French football legend Zinedine Zidane continues to refuse to say sorry to Italy's Marco Materazzi, whom he head-butted during the final of the 2006 Soccer World Cup in Germany.
"I say I'm sorry to football, to the fans, to the team," Zidane said in an interview that the Spanish daily El Pais published Monday. "After the match I went into the changing room and I told them, 'Sorry. This does not change anything. But I'm sorry, everyone.'"
"But with him I can't. Never, never. It would be to dishonour myself," Zidane added. "I'd rather die."
That match was also the last that Zidane ever played before retiring, and it ended a brilliant career in a painful way: with a defeat and a red card for the aggression against Materazzi.
Zidane continued to revisit that day in Germany, without however giving details of what set off a veteran, usually calm player in such rage.
"If I say I'm sorry I would also be admitting that what (Materazzi) did was normal. And for me it was not normal. Things happen on the pitch. It happened to me many times. But there I could not stand it," he explained.
Materazzi reportedly insulted Zidane's mother.
"People insulted my mother more than once and I never reacted. But then ... it just happened," he said. "If it had been Kaka, a normal guy, a good guy, of course I would have said I was sorry. But this guy! If I say I'm sorry I'd be disrespecting myself and all those I love with all my heart."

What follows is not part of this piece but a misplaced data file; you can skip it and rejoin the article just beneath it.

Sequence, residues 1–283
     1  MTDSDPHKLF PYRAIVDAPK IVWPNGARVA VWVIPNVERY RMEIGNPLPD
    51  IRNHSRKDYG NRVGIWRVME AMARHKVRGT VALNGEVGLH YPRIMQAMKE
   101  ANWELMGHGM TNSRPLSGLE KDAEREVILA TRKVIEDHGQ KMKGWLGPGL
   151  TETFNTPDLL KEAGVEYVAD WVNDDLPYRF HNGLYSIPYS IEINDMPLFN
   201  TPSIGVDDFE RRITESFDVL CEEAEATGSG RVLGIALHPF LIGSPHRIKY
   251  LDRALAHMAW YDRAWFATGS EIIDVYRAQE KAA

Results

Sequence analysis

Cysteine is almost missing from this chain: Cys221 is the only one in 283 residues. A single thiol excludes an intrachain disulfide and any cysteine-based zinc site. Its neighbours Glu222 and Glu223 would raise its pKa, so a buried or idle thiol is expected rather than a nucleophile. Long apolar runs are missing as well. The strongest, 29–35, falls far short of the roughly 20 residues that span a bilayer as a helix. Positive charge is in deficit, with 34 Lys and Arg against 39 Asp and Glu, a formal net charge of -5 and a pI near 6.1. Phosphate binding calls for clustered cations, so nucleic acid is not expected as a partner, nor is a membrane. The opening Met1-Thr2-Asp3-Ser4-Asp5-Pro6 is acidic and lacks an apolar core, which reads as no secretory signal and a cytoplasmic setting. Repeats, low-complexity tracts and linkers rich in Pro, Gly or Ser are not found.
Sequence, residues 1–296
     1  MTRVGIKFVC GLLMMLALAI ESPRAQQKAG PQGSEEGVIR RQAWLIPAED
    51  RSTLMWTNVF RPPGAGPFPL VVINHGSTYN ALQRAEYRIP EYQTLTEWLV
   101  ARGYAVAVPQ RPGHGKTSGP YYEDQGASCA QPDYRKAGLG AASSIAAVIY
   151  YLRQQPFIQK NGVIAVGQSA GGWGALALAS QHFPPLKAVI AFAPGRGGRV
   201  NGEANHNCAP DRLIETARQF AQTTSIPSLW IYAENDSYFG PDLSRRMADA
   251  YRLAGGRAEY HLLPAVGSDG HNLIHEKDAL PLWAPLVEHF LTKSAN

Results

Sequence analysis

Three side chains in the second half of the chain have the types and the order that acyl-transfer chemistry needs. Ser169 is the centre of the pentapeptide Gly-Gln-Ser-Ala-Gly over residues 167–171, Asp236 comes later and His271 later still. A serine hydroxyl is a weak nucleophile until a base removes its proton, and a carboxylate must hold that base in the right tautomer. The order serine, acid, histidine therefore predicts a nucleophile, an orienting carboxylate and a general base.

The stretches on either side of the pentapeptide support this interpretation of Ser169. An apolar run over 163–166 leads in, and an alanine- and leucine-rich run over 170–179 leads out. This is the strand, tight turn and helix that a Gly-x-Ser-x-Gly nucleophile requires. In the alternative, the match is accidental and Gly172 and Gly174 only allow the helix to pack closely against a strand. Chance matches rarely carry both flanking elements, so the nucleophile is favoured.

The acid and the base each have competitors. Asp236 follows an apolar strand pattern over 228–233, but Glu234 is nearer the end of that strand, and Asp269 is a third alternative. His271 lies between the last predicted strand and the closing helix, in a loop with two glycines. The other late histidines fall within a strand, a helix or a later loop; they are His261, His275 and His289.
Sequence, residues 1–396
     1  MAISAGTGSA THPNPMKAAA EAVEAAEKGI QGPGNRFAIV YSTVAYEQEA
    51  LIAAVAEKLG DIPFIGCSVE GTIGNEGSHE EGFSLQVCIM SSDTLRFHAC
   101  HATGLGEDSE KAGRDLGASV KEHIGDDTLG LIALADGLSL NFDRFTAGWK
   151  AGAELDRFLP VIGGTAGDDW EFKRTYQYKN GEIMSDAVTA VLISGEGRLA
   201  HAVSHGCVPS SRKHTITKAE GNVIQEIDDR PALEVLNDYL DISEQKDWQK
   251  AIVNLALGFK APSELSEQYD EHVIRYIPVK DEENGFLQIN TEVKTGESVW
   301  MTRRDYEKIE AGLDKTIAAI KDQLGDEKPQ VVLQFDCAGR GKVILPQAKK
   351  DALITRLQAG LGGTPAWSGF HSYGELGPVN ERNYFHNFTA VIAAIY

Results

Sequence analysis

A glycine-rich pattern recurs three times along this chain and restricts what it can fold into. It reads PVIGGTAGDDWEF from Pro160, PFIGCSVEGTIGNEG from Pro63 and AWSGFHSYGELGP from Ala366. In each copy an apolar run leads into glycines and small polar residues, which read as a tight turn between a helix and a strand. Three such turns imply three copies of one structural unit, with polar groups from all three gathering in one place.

Zidane, Ballon d'Or 1998 and FIFA Player of the Years 1998, 2000 and 2003, is currently involved with several charity organisations, and does unpaid work representing Real Madrid and advising its president, Florentino Perez.
He recalled his admiration for Uruguay's Enzo Francescoli.
"Francescoli was always my reference. I always wanted to be Enzo: I admired that idea of nobility, of work, of effort," Zidane recalled. "When I tell him, he is happy about it, but he does not exactly know how that helped me."
Among currently active players, Zidane highlights Real Madrid star Cristiano Ronaldo.
"He wants to be the best. And he says so," Zidane said. "But it is one thing to say it and it is another to do it. He says it and then he gets up early to be at (the training ground) 8 a.m., two hours earlier than necessary. And he stays there for six hours," he explained.